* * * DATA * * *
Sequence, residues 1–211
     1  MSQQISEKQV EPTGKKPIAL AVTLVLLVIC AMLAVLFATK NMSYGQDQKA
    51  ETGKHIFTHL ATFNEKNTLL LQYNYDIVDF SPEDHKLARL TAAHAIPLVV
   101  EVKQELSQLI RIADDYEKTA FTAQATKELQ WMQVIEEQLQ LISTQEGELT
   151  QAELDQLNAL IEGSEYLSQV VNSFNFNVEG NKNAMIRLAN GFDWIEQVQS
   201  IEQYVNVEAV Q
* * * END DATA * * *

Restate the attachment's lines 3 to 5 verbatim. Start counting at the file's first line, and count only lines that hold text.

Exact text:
    51  ETGKHIFTHL ATFNEKNTLL LQYNYDIVDF SPEDHKLARL TAAHAIPLVV
   101  EVKQELSQLI RIADDYEKTA FTAQATKELQ WMQVIEEQLQ LISTQEGELT
   151  QAELDQLNAL IEGSEYLSQV VNSFNFNVEG NKNAMIRLAN GFDWIEQVQS